Beware fly-by-night colleges punting unrecognised qualifications

Date: 10 Jan 2019

MATRICULANTS who recently passed have been urged to be vigilant and not fall prey to unregistered colleges.

Before paying and registering at a private college, prospective students have been advised to check if their institution of choice is registered with the Department of Higher Education and Training (DHET).

“Parents and matriculants must ensure they don’t fall prey to institutions that are either not registered and accredited, or whose qualifications are not recognised,” said Nola Payne, head of information and communications technology at The Independent Institute of Education.

Payne said if there were any doubts, they should have another look at available options rather than adopting a potentially expensive wait-and-see approach in their first year.

“This month provides an opportunity for prospective students to investigate all their options and sign up for a quality qualification with an accredited institution, whether they left it too late, or performed better than envisioned. And those who have already signed up should honestly assess whether they are excited about the degree on which they will embark, as well as the institution,” she said.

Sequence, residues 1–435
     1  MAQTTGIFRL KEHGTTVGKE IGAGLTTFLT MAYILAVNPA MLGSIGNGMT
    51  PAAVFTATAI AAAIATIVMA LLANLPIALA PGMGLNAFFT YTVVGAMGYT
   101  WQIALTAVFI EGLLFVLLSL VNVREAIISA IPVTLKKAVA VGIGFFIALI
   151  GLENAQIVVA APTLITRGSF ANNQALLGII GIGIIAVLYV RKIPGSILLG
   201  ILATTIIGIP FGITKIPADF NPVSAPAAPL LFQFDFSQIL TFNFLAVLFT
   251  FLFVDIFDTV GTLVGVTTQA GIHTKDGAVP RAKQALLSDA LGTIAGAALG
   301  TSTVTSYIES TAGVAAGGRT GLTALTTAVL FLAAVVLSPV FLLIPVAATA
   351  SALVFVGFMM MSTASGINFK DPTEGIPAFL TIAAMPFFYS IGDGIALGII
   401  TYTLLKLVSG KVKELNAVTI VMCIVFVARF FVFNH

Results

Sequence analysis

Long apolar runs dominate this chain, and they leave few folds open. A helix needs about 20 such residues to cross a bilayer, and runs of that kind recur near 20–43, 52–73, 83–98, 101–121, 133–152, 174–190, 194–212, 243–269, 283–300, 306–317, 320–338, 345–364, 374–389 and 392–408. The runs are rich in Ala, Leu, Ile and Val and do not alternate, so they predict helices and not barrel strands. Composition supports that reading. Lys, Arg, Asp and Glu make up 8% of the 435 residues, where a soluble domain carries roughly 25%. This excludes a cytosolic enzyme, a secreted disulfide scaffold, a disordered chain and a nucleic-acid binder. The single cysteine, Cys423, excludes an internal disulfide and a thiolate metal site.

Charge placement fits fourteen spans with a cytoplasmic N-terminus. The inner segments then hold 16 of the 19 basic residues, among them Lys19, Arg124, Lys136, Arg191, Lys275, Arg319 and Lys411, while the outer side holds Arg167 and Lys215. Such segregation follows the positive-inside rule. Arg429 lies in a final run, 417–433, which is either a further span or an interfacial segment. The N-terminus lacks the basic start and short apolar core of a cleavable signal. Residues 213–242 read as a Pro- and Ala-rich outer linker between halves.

To look up a qualification on the National Qualifications Framework (NQF), search for it on the South African Qualifications Authority (SAQA) website, or ask the institution for its SAQA identity number, which should be readily available, Payne said.

“If the institution is recognised by the DHET and the programme is listed on the NQF, prospective students and their parents can be confident.”

Stanford Mazhindu, spokesperson of trade union UASA, said: “Do careful research into the available options.

“Fly-by-night institutions that are not registered with the DHET and that supply students with invalid qualifications are on the rise.”

He said while private institutions might be the only hope for those who have not been admitted at public universities, caution was vital.

“Thousands of rand are lost every year to these fraudulent institutions that take advantage of the limited space at universities and other tertiary institutions,” he said.

“Private institutions are often the next step, but not all of them are operating within the law.”

By Makgotso Emegha

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